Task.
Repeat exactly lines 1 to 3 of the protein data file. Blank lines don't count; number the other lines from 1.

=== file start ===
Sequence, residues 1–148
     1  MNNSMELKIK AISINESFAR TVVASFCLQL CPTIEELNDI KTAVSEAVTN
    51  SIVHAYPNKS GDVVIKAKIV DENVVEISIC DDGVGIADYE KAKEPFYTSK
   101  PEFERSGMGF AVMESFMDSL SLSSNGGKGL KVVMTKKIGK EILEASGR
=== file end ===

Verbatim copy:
Sequence, residues 1–148
     1  MNNSMELKIK AISINESFAR TVVASFCLQL CPTIEELNDI KTAVSEAVTN
    51  SIVHAYPNKS GDVVIKAKIV DENVVEISIC DDGVGIADYE KAKEPFYTSK